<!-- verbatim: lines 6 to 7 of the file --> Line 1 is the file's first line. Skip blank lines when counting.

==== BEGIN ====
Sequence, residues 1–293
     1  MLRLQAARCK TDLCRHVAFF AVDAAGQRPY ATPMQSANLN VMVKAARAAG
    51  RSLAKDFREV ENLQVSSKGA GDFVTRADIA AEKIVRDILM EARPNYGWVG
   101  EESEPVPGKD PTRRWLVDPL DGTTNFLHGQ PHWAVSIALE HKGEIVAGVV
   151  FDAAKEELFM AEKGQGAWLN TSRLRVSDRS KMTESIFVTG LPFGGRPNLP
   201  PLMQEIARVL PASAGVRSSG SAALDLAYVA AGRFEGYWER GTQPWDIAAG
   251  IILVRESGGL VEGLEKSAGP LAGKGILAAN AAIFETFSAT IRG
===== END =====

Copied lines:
   201  PLMQEIARVL PASAGVRSSG SAALDLAYVA AGRFEGYWER GTQPWDIAAG
   251  IILVRESGGL VEGLEKSAGP LAGKGILAAN AAIFETFSAT IRG